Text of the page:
The Return Of Mr Bryant

Bryant and May, Reading & Writing

Some authors wax lyrical about the process of writing and speak of scenes coming alive and characters leaping off the page. I’ve always been allergic to that kind of talk, and in fact rarely discuss my personal methods at all. But something happened yesterday that I wanted to share, because to me this is the essence of writing.

I’m halfway through the ninth Bryant & May novel, ‘The Memory Of Blood’. In this draft it’s most about getting the plot in shape and shepherding the story from one end to the other. So far, I’ve written the words ‘Arthur Bryant’ without feeling the character was properly back, and that’s normal for this stage. I’d already written a scene where he’s at the beach, and liked it, but he still wasn’t really there in his full character.

Then I reached a point yesterday where Bryant was at his desk, ploughing through dusty old books about phrenology and being annoying, and suddenly – I don’t know what I did – he jumped into focus. And he was back, derailing the investigation with the maddest of ideas, and looking right at me with a smile on his face. Bryant is based on my best friend Jim, now deceased, and suddenly Jim was there in Bryant, and the whole thing blossomed into life – and at that point I knew the book would work.

And that’s why I’m a writer – for that exhilarating moment, pinned in place on the page – right there.

PS I see someone spotted the joke in the picture – well done!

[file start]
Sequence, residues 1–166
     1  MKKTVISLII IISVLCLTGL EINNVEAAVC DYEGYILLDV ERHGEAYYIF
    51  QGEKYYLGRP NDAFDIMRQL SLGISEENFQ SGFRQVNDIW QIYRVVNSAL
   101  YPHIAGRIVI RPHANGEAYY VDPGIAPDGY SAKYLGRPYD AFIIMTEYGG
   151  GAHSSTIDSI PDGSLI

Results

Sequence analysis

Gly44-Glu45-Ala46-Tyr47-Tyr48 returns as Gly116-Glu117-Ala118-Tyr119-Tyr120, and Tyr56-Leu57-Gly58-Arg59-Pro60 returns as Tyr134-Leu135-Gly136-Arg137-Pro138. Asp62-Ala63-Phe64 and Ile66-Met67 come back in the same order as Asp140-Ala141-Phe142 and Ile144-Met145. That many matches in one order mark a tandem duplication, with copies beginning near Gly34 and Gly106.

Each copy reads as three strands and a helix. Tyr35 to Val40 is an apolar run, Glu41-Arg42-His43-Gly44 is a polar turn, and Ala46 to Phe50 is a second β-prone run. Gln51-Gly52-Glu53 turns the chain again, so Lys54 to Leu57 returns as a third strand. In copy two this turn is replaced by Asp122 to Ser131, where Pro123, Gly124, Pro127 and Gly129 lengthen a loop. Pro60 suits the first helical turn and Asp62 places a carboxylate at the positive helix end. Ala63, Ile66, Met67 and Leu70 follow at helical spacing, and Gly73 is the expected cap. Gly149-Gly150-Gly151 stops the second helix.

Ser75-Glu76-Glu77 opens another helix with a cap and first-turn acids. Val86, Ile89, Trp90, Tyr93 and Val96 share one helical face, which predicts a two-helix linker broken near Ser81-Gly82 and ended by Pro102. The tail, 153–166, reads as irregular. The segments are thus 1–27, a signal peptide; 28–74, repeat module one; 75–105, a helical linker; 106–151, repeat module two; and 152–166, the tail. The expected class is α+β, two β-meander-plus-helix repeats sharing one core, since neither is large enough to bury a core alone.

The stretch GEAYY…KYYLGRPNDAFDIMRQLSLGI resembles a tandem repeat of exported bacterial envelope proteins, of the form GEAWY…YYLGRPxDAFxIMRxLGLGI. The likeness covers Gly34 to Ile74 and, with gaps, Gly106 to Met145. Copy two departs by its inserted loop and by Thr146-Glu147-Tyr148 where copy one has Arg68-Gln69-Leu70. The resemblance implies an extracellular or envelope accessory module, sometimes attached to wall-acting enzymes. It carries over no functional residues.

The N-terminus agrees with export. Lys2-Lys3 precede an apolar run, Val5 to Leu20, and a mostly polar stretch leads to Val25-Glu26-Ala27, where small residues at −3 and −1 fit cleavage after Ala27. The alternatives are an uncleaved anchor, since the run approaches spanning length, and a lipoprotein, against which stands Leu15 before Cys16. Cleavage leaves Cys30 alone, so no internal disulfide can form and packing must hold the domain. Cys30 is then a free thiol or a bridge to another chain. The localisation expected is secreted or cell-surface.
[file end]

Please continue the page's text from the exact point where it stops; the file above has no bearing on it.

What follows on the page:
7 comments on “The Return Of Mr Bryant”

  1. Vickie Farrar says:

    Thank you for sharing that very intereting Moment in the Life of an Author. And lucky Jim…to have an eternal best friend keeping his essence alive.

  2. Gwenda says:

    Very much enjoyed Off the Rails. The personalities of the PCU staff keep this series interesting. If you reprint this book in future please update page 25, paragraph 3, which states, “There was a case in America, a young couple, Karla Holmolka and Paul Bernardo.” This is incorrect. These two murderers are Canadian and their crimes took place in Ontario.

  3. admin says:

    Mea culpa, Gwenda, it appears my source material didn’t define the difference between America and Canada (a very common mistake in the rest of the world, sadly). Although why you would want to lay claim to such a horrific pair of people is beyond me – perhaps it’s better to leave them in America?

  4. Steve says:

    Um….no, we don’t want them. Bad enough we’ve got the tea-baggers. Thanks all the same.

  5. I.A.M. says:

    Perhaps you could get Karla Holmolka and Paul Bernardo to meet the Tea-Baggers?

    She’s out now, by the way. Living a new life in a half-way house and being rehabilitated. Personally, I suspect that she worked a light sentence in order to convict Mr. Bernardo, but she was the real brains behind the thing. All entirely conjecture on my part.

    I’ve always thought that basically, Canada and New Zealand were much the same in the eyes of the world: no one knows we exist, we’re right next to something huge and loud, and take umbrage when we’re mistaken for our more famous neighbor. Just try mixing up Australia and N.Z. around the flat and see how far it gets you… probably right off the balcony and into the canal!

  6. I.A.M. says:

    Just noticed the detail in the photo… well done!

  7. Gwenda says:

    In addition to the heinous nature of their crimes, Holmolka and Bernardo rank in the upper echelon of Canadian criminals because of the plea deal she made with the Crown, which netted her a relatively light sentence. After that deal was struck, newly-discovered videotapes showed she was not a victim of Bernardo as she claimed, but a much more involved participant. This case underscored national fury with Canada’s legal system. Holmolka had a hand in the deaths of three young girls, including her own sister, but she’s already free after a paltry amount of time spent in prison. True, it’s sad for a country to have to claim these people as their own, but my concern is factual correctness in this otherwise excellent series.

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